1. NickHolland

          no. The issue is not "the" license, nor the change of the license.

          The issue is the way the license is attempting be changed.

          One person can not say, "I want to change the license, and if you don't respond, I'll take it as approval".

          There are right ways and wrong ways to do this. Some years ago, the OpenBSD project wanted to clean up the licenses on the entire distribution, as there were lots of little things with sloppy (or no!) licenses. They worked to contact EACH author, and they either got clear permission to change or REMOVED THE CODE (sometimes replaced, sometimes not). While benefits of making the change were explained, the license is the choice of the original author, period. Lots of problems were found -- missing contact info, people who had died, people who didn't want to change...and all those situations were respected.

          Authors of code put their intended license on the code. If they change their mind, great. Others may attempt to persuade them to change, but the decision needs to remain with the author. If they wish to use the most gawd-awful license, THAT'S THEIR CHOICE.

          1. dbannon

            no. The issue is not "the" license, nor the change of the license.

            The issue is the way the license is attempting be changed.

            One person can not say, "I want to change the license, and if you don't respond, I'll take it as approval".

            I am afraid I have to disagree. I have, several times needed to 'organise' various changes requiring 50% or greater approval. There are always a few in favour, a few opposed and a large number who really don't care. In this case, the last group will be people who, some time ago contributed, or made a small contribution, or are just interested in the code. Hey, not everyone loves reading software licenses !

            Getting people who don't care to respond is really hard. Given that they don't care, it makes sense to assume they will be happy with what ever is judged best for the project.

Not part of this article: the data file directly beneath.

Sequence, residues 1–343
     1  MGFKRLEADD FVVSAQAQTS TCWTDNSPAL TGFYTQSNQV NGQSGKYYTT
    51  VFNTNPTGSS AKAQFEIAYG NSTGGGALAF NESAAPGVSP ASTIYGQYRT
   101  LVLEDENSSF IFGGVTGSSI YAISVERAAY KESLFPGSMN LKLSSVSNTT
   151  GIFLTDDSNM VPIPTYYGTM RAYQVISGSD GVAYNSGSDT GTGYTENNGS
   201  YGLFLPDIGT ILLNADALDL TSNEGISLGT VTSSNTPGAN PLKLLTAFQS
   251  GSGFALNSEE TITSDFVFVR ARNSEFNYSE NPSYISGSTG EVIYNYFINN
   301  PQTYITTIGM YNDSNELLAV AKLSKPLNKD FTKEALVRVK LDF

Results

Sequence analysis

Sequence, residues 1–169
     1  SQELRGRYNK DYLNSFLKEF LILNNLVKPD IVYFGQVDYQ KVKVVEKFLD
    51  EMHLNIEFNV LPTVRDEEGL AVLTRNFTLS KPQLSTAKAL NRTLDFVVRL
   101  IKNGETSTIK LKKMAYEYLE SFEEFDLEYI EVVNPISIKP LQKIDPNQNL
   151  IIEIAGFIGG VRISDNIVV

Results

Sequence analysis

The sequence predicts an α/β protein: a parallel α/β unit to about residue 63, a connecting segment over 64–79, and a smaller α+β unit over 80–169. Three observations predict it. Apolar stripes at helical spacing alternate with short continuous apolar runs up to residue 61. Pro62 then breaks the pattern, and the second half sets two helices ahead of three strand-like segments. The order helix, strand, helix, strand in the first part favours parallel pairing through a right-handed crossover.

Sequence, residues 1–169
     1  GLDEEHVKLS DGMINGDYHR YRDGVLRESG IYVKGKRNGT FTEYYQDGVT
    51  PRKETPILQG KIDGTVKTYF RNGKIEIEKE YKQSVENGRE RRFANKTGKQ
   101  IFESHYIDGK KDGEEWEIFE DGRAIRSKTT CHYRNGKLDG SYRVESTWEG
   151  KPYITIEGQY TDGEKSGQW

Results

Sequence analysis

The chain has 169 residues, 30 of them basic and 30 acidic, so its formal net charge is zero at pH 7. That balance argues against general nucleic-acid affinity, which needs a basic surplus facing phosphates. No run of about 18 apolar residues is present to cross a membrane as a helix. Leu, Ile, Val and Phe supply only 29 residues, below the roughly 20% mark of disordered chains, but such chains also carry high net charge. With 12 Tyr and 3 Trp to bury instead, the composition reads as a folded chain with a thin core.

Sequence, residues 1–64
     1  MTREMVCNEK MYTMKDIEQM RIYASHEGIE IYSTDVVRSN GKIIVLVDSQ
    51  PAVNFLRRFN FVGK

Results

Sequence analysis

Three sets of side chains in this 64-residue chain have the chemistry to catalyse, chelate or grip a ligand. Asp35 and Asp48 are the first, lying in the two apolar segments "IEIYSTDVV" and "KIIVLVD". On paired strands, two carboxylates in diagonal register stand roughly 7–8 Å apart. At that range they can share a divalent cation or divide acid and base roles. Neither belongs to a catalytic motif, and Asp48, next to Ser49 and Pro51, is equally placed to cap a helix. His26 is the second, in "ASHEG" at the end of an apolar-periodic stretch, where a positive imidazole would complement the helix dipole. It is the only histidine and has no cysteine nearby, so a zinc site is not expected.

1. Voland's right hand Silver badge

              Re: no. The issue is not "the" license, nor the change of the license.

              One person can not say, "I want to change the license, and if you don't respond, I'll take it as approval".

              I am afraid I have to disagree. I have, several times needed to 'organise' various changes requiring 50% or greater approval.

              The minor difference here is that the change is a legal issue - you cannot alter a license without 100% uniform consensus and 100% agreement. It is against copyright law.

          2. Anonymous Coward
            Anonymous Coward

            Re NickHolland

            Grow up. Not all open source contributors are snot nosed 20-somethings. A good fraction of the non-respondents are going to be from people who are deceased, retired, disinterested, suffering from dementia, etc who can't or won't respond.

            Setting up a proxy vote system where a only deliberate 'no' vote counts as 'no' and everything else counts as support for management's decision is standard and legal. It is the structure of shareholder voting systems for publicly traded companies.

            1. Anonymous Coward
              Anonymous Coward

              Re: Re NickHolland

              "Not all open source contributors are snot nosed 20-somethings."

              Indeed not, but how is that relevant here?

              "a proxy vote system where only a deliberate 'no' vote counts as 'no' and everything else counts as support for management's decision is standard and legal.It is the structure of shareholder voting systems for publicly traded companies."